Jing Sun

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My areas of interest are control, estimation, and optimization, with applications to energy systems in transportation, automotive, and marine domains. My group develops model-based and data-driven tools to explore underlying system dynamics and understand the operational environments. We develop computational frameworks and numerical algorithms to achieve real-time optimization and explore connectivity and data analytics to reduce uncertainties and improve performance through predictive control and planning.

Nicole Seiberlich

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My research involves developing novel data collection strategies and image reconstruction techniques for Magnetic Resonance Imaging. In order to accelerate data collection, we take advantage of features of MRI data, including sparsity, spatiotemporal correlations, and adherence to underlying physics; each of these properties can be leveraged to reduce the amount of data required to generate an image and thus speed up imaging time. We also seek to understand what image information is essential for radiologists in order to optimize MRI data collection and personalize the imaging protocol for each patient. We deploy machine learning algorithms and optimization techniques in each of these projects. In some of our work, we can generate the data that we need to train and test our algorithms using numerical simulations. In other portions, we seek to utilize clinical images, prospectively collected MRI data, or MRI protocol information in order to refine our techniques.

We seek to develop technologies like cardiac Magnetic Resonance Fingerprinting (cMRF), which can be used to efficiently collect multiple forms of information to distinguish healthy and diseased tissue using MRI. By using rapid methods like cMRF, quantitative data describing disease processes can be gathered quickly, enabling more and sicker patients can be assessed via MRI. These data, collected from many patients over time, can also be used to further refine MRI technologies for the assessment of specific diseases in a tailored, patient-specific manner.

Sol Bermann

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I am interested in the intersection of big data, data science, privacy, security, public policy, and law. At U-M, this includes co-convening the Dissonance Event Series, a multi-disciplinary collaboration of faculty and graduate students that explore the confluence of technology, policy, privacy, security, and law. I frequently guest lecture on these subject across campus, including at the School of Information, Ford School of Public Policy, and the Law School.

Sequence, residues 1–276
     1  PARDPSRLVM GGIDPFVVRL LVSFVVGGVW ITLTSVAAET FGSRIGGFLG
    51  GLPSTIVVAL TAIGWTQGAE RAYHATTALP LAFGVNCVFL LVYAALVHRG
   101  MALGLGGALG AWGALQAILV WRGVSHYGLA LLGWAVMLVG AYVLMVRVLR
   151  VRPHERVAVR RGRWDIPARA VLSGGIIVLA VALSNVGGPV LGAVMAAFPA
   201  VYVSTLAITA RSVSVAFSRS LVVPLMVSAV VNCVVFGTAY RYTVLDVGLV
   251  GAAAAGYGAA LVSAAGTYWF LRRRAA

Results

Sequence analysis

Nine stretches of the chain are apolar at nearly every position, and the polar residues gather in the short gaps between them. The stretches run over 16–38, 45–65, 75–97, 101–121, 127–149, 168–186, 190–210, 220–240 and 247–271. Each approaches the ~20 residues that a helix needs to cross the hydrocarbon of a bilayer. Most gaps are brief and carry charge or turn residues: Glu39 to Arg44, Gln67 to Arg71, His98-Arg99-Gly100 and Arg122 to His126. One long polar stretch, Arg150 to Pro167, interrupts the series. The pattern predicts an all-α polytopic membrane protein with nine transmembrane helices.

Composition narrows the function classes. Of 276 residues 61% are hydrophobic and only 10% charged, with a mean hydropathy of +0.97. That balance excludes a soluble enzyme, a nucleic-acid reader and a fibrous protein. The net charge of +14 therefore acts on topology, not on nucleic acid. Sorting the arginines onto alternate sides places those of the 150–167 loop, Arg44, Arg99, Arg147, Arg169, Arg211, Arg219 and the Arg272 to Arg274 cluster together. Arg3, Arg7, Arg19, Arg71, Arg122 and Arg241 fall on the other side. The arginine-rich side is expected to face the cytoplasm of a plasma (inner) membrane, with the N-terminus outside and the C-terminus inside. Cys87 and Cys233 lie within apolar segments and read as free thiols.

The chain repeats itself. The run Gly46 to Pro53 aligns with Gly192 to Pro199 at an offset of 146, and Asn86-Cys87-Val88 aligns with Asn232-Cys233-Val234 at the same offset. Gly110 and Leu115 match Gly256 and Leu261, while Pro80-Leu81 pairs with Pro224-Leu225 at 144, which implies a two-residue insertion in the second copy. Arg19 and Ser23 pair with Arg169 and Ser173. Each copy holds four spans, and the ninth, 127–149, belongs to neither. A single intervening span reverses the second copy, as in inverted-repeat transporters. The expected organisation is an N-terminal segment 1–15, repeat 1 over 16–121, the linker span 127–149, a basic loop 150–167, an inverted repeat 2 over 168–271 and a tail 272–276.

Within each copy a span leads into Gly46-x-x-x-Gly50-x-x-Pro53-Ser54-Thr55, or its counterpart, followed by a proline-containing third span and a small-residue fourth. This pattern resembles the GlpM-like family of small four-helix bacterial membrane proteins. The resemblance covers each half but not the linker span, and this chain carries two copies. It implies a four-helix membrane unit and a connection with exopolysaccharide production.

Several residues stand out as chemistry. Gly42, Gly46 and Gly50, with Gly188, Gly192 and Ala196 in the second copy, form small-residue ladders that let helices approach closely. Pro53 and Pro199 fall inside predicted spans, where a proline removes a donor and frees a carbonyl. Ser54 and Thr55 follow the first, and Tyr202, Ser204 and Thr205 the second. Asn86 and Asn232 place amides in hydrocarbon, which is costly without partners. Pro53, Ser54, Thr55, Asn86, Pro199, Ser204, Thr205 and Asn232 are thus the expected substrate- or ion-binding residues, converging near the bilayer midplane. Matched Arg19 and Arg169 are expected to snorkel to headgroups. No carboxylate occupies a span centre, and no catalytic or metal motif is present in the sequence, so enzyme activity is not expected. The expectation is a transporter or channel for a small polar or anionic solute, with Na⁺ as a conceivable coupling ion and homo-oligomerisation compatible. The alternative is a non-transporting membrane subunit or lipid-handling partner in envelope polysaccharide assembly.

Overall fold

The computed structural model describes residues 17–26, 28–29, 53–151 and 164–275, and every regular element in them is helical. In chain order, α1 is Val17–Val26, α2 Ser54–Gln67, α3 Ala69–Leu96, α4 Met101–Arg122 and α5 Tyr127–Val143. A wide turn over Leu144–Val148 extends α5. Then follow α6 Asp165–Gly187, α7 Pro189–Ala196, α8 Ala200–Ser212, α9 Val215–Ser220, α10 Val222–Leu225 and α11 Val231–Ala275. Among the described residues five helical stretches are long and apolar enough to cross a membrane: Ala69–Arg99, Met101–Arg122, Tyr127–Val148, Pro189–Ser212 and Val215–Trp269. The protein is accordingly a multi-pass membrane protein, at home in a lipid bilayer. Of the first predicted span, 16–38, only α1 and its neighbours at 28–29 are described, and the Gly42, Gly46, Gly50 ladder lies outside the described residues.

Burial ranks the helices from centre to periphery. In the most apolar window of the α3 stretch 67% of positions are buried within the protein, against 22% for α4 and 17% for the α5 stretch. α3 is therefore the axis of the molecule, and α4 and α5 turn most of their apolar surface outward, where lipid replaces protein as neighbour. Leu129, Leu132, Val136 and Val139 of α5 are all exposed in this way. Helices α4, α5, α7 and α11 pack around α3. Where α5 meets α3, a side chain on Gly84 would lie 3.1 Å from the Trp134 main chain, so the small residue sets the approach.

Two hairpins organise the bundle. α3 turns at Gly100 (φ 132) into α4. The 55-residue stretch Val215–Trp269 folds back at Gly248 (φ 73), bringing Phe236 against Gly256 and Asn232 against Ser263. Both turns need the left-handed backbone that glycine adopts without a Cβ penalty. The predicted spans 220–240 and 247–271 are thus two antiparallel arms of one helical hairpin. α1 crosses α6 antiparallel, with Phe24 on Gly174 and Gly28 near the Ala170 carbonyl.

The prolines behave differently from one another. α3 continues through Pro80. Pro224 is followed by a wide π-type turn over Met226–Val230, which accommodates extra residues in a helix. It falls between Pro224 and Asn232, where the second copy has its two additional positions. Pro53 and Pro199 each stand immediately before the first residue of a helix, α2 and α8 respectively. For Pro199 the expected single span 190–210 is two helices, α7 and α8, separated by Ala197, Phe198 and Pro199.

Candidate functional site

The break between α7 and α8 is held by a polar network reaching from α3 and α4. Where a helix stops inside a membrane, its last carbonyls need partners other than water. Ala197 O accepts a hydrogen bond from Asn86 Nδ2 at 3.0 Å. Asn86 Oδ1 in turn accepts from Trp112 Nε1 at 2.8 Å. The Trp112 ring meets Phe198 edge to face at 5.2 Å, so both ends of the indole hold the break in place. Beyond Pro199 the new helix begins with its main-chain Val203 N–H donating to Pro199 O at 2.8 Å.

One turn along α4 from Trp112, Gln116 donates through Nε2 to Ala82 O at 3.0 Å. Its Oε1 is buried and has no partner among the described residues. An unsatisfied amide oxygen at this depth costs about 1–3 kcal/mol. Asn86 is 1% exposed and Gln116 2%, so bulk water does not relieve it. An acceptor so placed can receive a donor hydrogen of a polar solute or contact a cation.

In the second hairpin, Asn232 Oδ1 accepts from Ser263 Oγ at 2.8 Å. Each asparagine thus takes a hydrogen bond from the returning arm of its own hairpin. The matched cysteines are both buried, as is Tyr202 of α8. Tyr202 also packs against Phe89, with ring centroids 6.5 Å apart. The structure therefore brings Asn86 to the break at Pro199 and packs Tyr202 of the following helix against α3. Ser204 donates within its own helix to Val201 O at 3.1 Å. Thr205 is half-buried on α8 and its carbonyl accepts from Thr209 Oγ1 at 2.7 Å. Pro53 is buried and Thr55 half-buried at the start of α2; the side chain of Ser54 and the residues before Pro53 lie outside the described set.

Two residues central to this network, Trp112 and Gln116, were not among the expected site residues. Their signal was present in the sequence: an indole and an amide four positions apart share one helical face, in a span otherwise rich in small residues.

Niccolò Meneghetti

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Dr. Niccolò Meneghetti is an Assistant Professor of Computer and Information Science at the University of Michigan-Dearborn.
His major research interests are in the broad area of database systems, with primary focus on probabilistic databases, statistical relational learning and uncertain data management.

Z. Tuba Suzer-Gurtekin

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Z. Tuba Suzer Gurtekin is an Assistant Research Scientist at the University of Michigan’s Institute for Social Research. Her research includes managing monthly surveys of consumer attitudes, expectations and behavior. Her published research focuses on methods to quantify nonresponse and measurement survey errors in probability and nonprobability sample surveys, and mixed-mode survey design and inference. Her research experience has included development of alternative sample, methodology and questionnaire designs, data collection and analysis methods for a general population in parallel survey modes. She also teaches Survey Sampling for Clinical Research at the University of Michigan’s Clinical Research Design and Statistical Analysis program (OJOC CRDSA).

Birhanu Eshete

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I study cybercrime using data-driven methods to analyze, characterize, and measure the infrastructure and modus operandi used by criminal activities on the Internet. In particular, I focus on collection, analysis, and semantic characterization of cyber threat intelligence that comes in many shapes and forms (e.g., natural language, network traffic, system audit logs). The ultimate goal is to learn insights that will inform decisions on building robust defense against online criminal activities that involve threats such as ransomware, exploit kits, and botnets. To achieve these goals, I find graph theory and analytics, machine learning (deep learning), longitudinal analysis, and causality inference to be the natural methods. I also study the training and deployment of cyber threat classification/prediction systems in adversarial settings.